Some metas call for odd choices. Right around a year ago my group all started to realize a common issue many meta decks had: a single point of failure, one card that, if removed from an opposing deck, meant the deck couldn't ever actually go off. Food Chain, or Lab Man, or whatever it might have been was the only way for a deck to operate or win. My entire playgroup started to run Extract in literally every deck that ran blue and Praetor's Grasp in every deck that ran black. Most decks had both of these colors. If the deck had access to Mardu colors Hide also creeped in. It suddenly became a requirement to run not just a win condition, or an engine, but triple redundancy of absolutely everything your deck wanted to do or it just wouldn't be allowed to compete. If you played a deck our group knew didn't contain triplicate redundancy, you were first target and before turn 2 or 3 ended all your ways to win would be exiled. Naturally this evolved into every deck running Riftsweeper or Pull from Eternity style responses. It was a damn arms race and a radically informative period for us all. Then Ashiok, Dream Render got printed... A lot of our games wind up with a third of everyone's deck in exile these days and I'm still surprised at just how slow the cEDH community is to catch on to the power of these pieces. Sometimes I'm even laughed at for discussing the ways in which they can be employed by players who have never, and will never, win a profession level event. Meta calls can certainly be important.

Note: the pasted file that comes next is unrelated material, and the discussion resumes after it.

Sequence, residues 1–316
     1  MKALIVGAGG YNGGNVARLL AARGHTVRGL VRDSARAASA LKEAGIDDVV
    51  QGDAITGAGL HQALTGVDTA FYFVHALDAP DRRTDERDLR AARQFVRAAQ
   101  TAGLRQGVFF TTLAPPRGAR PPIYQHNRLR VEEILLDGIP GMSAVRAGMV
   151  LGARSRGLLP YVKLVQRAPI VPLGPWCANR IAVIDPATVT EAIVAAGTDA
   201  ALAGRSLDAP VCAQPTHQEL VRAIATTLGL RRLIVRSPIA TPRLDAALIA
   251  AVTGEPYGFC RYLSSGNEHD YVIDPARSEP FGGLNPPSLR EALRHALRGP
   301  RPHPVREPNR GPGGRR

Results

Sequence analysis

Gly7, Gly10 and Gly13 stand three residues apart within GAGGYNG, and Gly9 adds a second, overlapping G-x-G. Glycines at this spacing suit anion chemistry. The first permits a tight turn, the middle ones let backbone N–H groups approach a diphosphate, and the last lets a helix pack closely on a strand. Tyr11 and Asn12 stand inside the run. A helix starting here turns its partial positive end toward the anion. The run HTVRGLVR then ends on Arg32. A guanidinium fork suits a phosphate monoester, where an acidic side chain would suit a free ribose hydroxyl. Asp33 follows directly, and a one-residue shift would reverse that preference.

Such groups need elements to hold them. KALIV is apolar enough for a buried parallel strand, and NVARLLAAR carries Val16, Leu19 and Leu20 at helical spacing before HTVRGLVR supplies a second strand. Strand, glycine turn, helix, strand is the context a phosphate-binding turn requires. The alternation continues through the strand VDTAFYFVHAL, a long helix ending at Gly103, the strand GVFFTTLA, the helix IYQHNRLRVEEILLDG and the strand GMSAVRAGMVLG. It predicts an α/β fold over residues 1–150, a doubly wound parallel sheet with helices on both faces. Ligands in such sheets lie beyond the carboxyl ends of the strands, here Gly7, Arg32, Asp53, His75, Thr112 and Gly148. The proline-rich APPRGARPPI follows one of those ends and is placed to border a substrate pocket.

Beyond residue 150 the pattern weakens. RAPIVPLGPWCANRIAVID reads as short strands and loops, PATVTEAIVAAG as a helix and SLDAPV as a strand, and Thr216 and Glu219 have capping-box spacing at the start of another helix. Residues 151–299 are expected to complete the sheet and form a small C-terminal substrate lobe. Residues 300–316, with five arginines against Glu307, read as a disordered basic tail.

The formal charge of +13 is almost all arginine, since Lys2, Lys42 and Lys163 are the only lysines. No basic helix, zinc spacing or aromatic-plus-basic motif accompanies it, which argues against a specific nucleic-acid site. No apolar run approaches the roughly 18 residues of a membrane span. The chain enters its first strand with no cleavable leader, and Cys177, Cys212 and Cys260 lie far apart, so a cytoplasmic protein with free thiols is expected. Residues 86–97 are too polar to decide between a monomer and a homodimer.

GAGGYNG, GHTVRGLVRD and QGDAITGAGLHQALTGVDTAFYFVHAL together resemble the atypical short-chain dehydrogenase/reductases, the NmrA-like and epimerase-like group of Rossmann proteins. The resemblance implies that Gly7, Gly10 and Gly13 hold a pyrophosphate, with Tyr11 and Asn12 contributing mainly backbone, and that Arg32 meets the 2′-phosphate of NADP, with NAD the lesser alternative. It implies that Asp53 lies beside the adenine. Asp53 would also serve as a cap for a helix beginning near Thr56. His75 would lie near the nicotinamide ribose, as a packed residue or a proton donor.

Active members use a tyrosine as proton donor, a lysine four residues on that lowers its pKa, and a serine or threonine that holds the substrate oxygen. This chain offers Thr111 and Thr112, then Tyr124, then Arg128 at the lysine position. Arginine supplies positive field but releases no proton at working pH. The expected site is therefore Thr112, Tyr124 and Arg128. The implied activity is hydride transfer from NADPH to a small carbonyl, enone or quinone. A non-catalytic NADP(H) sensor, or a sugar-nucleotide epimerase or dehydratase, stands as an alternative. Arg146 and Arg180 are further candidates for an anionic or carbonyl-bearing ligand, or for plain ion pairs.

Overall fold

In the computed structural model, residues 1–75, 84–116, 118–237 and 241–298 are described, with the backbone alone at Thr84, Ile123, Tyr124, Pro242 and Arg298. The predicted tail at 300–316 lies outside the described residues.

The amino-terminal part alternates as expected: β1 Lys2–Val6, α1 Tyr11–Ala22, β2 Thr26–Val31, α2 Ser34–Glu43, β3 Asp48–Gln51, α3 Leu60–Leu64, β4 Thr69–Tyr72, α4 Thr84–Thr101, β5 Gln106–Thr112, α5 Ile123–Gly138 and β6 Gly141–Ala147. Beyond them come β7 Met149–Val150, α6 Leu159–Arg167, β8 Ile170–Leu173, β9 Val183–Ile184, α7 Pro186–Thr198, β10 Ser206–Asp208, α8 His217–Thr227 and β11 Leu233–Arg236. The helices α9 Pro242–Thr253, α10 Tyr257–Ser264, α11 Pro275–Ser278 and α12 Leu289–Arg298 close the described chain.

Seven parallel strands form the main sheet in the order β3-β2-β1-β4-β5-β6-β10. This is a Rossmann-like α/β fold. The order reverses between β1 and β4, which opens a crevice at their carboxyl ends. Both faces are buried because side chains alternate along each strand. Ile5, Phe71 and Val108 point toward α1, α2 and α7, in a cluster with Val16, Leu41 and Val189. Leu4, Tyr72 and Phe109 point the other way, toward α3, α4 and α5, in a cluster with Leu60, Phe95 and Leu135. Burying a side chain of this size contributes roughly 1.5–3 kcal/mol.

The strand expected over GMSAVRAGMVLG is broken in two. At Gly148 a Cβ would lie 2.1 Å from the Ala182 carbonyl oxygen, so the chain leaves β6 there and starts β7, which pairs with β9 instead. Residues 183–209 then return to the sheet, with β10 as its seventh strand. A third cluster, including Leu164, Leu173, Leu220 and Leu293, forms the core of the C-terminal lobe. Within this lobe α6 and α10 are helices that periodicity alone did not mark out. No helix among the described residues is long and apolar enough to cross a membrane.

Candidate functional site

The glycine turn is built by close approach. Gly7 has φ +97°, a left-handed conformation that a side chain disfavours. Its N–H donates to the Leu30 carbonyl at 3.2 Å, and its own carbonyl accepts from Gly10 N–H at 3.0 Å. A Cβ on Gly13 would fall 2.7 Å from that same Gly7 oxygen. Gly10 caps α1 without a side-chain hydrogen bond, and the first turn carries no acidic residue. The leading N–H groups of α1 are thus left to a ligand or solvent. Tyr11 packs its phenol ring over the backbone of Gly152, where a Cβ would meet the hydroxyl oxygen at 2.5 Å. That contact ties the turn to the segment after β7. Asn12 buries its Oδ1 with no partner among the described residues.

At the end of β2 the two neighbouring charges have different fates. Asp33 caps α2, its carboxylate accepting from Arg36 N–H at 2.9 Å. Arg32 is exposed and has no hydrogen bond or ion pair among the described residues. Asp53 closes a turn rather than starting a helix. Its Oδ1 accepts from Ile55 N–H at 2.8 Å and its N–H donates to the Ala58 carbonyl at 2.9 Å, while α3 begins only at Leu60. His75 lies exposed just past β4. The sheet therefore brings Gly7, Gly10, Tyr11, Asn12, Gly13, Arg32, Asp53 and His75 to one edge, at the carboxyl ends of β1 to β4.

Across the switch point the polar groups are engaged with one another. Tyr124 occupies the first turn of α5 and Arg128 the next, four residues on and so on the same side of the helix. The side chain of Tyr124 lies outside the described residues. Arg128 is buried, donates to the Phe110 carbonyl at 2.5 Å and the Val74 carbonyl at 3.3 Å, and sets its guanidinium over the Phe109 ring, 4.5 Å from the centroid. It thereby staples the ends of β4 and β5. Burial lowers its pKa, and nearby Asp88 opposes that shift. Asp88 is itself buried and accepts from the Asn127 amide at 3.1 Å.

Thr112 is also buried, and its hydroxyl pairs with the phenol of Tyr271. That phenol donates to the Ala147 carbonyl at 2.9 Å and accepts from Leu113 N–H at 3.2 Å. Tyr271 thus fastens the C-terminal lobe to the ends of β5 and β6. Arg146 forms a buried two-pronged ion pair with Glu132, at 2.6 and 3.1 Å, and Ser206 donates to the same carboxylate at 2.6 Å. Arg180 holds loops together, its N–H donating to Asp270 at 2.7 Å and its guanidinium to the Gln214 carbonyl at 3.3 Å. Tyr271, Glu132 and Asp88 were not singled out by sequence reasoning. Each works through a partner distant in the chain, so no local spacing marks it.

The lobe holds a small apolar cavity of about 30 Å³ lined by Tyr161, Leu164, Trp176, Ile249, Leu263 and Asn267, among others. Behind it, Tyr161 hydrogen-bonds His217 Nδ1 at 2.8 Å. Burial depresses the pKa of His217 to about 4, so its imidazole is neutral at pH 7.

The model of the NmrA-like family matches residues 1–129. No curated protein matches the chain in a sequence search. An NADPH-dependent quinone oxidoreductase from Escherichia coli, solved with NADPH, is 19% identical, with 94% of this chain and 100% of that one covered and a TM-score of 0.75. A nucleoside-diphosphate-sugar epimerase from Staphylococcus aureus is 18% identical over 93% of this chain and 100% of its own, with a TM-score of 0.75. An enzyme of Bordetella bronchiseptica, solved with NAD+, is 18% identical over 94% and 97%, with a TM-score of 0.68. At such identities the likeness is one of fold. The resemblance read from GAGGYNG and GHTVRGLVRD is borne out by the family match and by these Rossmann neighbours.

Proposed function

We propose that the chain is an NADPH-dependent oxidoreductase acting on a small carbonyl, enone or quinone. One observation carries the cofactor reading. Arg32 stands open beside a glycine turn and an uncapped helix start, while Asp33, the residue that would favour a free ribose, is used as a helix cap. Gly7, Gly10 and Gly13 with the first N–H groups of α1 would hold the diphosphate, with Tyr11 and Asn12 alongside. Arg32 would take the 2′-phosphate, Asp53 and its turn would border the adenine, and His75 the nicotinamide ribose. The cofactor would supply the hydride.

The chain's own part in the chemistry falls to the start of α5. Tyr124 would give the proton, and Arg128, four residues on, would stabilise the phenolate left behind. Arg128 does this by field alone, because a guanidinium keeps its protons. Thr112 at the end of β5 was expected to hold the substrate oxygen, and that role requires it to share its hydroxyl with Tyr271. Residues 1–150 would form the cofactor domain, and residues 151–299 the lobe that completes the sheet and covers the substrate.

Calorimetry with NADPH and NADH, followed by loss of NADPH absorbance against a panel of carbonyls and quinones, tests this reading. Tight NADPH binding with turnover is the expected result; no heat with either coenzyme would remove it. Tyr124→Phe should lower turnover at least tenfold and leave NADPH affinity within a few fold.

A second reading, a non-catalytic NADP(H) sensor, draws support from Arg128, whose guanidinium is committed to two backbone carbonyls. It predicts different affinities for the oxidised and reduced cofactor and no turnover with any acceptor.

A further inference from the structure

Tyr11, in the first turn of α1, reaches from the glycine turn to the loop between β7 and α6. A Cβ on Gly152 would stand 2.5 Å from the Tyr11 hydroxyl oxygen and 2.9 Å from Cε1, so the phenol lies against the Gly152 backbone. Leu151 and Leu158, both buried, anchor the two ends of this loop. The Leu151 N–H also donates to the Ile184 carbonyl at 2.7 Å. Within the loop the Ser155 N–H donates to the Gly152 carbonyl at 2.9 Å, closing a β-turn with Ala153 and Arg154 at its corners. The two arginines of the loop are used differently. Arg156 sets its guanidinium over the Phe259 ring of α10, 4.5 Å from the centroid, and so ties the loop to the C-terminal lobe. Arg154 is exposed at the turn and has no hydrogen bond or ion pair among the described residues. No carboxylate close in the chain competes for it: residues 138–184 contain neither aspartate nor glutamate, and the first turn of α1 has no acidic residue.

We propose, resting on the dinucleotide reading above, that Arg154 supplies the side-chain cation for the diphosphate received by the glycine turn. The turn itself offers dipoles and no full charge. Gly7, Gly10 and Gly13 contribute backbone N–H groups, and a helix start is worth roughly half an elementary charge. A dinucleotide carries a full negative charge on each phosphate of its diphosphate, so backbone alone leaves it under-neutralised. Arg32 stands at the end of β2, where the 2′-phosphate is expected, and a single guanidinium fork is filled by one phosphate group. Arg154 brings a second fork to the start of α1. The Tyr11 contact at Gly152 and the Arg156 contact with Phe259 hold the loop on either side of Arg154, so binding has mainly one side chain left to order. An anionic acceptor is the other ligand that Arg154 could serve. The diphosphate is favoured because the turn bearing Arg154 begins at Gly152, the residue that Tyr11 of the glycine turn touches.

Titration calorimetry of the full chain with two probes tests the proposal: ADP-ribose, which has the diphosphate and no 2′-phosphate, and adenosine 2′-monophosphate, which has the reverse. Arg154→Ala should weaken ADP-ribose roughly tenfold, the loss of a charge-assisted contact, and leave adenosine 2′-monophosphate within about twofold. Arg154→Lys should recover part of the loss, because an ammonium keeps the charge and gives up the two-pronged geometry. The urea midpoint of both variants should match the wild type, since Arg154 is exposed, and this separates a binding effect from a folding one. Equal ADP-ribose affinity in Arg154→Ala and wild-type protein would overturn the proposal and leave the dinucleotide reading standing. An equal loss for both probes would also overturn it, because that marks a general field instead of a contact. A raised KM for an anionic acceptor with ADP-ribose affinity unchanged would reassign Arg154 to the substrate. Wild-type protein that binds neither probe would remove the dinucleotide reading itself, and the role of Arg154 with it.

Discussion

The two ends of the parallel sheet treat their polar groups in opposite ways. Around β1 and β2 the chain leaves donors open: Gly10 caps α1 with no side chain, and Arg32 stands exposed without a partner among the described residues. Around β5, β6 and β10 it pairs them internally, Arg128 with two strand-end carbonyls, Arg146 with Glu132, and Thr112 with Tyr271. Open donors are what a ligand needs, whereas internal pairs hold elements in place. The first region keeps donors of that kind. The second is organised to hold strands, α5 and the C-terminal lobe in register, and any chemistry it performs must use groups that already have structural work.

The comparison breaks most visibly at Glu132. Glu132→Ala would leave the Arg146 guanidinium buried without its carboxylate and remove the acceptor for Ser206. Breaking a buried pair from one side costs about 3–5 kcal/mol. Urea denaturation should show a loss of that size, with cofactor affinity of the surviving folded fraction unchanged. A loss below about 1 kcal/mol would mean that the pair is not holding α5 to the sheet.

No question about it, my Yidris list is NOT going to recover. It's not designed to, it doesn't intend to. It's kind of a stat check deck. "Does any one have an immediate answer on turn 2? No? Ok, I win." I'm definitely a player that prefers more conservative style decks, but you can't always play just one thing and one style. It's fun to mix it up and when I'm going for a more all in style I'm going 100% all in on whatever it is the deck is supposed to do and I'm going to do it as fast as it's possible to do and damn the consequences. You either got an answer, or ya don't. The hilarious thing about that list is that it generally takes 3 working together to stop it. It's a threat to win every single turn the second it untaps and if people ran out of resources without winning themselves than it just means the umpteenth attempt is the charm. All it needs is a Yidris swing and a single spell that's usually 1 cmc.